Providence or Atoms
A Very Brief Defense of the Stoic Worldview
by Christopher Fisher
Editorial note: Marcus Aurelius famously at times questioned his own Stoic world view that the universe was providentially ordered, wondering if instead nature was comprised of the movement of random atoms. In this piece, Chris Fisher defends the Stoic world view that the world is providentially ordered. In tomorrow’s piece, Donald Robertson takes a more sceptical approach, albeit from the same starting point.
‘If I know Providence, I know my good and can follow it; so, no complaint. If I know not my good, I do not in reality know Providence. So if I complain, I complain of a specter and not a Deity: I complain as an animal, not as a man.’
~ Antony, Earl of Shaftesbury
Either providence or atoms. By repeated use of this simple disjunction, Marcus Aurelius condensed and contrasted the worldviews proposed by the Stoics and the Epicureans, and emphasized the importance of the choice for those who wish to live according to Nature. Marcus understood what many modern readers of Stoicism overlook: the choice between these opposing worldviews has psychological and ethical implications for anyone attempting to live the excellent and flourishing life described by the Stoics.
The division between the Stoics and Epicureans over the nature of the cosmos is renowned. This was not a sterile academic debate over the minutia of philosophical terms or concepts. It was a deep divide over how one should view the cosmos and live in it as a rational being. Each argued forcefully for their own worldview because they believed there were consequences to the lives of their practitioners. The chasm between the providentially ordered cosmos of the Stoics and the random atomic universe of the Epicureans was deep and wide, and it could not be bridged. Thus, as Marcus asserts, one must make a choice between them—either providence or atoms.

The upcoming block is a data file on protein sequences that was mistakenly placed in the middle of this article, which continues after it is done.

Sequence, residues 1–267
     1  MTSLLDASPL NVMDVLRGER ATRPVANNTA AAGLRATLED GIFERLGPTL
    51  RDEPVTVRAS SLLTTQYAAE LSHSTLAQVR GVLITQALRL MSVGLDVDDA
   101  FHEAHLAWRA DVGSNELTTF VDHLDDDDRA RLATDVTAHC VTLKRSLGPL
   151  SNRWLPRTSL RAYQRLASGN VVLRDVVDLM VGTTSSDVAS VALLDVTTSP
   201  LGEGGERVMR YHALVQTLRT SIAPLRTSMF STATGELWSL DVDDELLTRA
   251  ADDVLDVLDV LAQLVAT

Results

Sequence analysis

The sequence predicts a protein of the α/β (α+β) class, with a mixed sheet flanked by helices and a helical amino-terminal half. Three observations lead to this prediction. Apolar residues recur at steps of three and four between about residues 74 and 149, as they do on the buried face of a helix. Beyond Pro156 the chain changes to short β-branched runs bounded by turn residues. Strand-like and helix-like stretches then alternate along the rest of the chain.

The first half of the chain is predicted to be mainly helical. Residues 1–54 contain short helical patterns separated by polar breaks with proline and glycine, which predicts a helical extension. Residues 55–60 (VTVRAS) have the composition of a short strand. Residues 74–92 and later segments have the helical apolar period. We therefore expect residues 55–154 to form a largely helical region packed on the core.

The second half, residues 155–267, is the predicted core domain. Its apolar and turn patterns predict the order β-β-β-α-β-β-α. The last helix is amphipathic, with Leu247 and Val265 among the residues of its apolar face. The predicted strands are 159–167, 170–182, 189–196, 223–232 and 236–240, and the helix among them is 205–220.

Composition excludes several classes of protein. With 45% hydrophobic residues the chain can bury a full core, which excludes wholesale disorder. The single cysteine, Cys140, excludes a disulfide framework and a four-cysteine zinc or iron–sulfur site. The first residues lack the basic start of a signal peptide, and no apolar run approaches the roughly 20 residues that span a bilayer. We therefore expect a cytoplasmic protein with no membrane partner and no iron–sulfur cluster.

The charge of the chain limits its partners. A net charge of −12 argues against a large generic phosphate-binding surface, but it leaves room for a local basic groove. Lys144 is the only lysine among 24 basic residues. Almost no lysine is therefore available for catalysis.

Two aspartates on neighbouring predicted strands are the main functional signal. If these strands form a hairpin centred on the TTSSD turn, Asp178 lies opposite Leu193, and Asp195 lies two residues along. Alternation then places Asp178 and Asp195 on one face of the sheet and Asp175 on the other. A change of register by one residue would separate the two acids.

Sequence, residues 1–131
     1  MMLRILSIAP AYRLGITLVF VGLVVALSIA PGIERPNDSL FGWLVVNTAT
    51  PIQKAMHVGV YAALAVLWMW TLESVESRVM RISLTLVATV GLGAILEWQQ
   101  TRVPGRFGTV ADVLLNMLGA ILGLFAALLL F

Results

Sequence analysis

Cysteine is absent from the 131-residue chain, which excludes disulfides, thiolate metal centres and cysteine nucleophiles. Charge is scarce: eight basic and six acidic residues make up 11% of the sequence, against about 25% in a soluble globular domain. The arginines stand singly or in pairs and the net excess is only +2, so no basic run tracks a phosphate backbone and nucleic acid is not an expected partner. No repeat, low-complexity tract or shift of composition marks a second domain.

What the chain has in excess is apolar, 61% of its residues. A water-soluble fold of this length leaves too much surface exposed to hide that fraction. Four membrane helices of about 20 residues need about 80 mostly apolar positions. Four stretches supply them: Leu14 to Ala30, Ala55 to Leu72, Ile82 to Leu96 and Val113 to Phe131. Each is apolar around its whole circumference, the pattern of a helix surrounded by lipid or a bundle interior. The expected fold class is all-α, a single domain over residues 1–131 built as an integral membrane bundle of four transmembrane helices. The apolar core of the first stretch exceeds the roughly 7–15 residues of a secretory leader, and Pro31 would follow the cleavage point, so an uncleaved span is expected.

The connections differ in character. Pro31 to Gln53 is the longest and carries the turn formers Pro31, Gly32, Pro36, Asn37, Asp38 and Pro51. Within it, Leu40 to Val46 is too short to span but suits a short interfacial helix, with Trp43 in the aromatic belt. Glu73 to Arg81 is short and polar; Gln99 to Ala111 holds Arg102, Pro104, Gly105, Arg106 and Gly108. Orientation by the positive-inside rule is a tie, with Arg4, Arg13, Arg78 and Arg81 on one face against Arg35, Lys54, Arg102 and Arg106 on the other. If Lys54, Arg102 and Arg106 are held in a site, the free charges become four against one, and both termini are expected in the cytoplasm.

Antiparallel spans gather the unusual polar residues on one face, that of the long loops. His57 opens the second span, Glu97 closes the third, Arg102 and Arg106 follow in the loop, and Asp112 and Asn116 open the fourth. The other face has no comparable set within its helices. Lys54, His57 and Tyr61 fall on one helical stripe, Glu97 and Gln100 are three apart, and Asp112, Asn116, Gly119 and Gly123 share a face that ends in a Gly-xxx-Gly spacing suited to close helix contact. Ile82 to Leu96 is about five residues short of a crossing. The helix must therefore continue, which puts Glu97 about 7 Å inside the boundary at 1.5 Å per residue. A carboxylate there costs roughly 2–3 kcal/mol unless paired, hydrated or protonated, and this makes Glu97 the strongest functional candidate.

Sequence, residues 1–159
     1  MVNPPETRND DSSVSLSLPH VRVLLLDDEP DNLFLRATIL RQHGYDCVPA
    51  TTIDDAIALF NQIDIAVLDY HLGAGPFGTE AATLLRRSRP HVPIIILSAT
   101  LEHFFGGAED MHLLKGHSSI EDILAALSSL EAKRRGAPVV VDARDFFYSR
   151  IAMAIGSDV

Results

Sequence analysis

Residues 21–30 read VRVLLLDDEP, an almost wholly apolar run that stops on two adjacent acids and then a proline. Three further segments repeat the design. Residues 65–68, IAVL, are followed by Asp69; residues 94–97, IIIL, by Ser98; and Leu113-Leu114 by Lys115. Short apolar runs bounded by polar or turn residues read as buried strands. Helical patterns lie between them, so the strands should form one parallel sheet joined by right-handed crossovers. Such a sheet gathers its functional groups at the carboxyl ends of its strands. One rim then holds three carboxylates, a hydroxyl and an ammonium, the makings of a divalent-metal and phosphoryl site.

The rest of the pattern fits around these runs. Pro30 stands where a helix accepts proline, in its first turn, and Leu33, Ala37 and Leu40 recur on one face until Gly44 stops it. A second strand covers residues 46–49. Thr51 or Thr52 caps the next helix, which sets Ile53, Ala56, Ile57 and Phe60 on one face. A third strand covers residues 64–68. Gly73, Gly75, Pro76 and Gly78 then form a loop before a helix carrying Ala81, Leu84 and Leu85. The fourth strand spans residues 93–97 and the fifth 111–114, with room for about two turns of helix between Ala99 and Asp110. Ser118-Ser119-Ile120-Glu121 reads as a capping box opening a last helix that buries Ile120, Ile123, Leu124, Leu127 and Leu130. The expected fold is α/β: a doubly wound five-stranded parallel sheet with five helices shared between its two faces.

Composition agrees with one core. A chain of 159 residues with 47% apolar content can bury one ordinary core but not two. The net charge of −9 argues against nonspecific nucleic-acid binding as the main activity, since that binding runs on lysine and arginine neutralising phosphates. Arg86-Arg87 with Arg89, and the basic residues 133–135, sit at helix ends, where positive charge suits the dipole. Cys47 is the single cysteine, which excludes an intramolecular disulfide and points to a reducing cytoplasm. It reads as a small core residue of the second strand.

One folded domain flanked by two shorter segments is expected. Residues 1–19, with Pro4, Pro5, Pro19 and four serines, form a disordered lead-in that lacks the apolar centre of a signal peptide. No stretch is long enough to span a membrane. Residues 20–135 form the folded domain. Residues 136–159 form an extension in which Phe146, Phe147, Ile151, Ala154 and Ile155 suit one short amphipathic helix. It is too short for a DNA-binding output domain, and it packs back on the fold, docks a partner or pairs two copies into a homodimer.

For the Epicureans, acceptance of providence invited the gods into the lives of humans, and this they believed was a primary source of psychological distress. Conversely, for the Stoics, a rational and providential cosmos provided psychological and emotional support which helped them live virtuously and flourish regardless of external circumstances. The Stoics revered an immanent God as the providential force within Nature; the Epicureans regarded the gods as disquieting intruders in our lives and celebrated their disinterest in human affairs. The difference between these worldviews is insurmountable; additionally, as Marcus Aurelius makes quite clear with his repeated use of the disjunction ‘providence or atoms,’ the Stoics considered the choice important.
What is Providence?
Our English word providence is derived from the Latin word providentia. Cicero and Seneca used providentia to translate the Greek word pronoia (προνοια).
Christopher Gill defines pronoia as ‘providential rationality and care.’ F. E. Peters defines pronoia as ‘forethought’ or ‘providence,’ and writes,
“The early history of the concept of providence is to be seen in the emergence, from Diogenes to Aristotle, of a notion of intelligent purpose (telos, q.v.) operating in the universe. In all of these thinkers it is clearly associated with the intelligent God whose features begin to appear in the later Plato… and in Aristotle. For the Stoics the immanent Logos governs all by nous and pronoia (D.L. VII, 138; SVF I, 176).”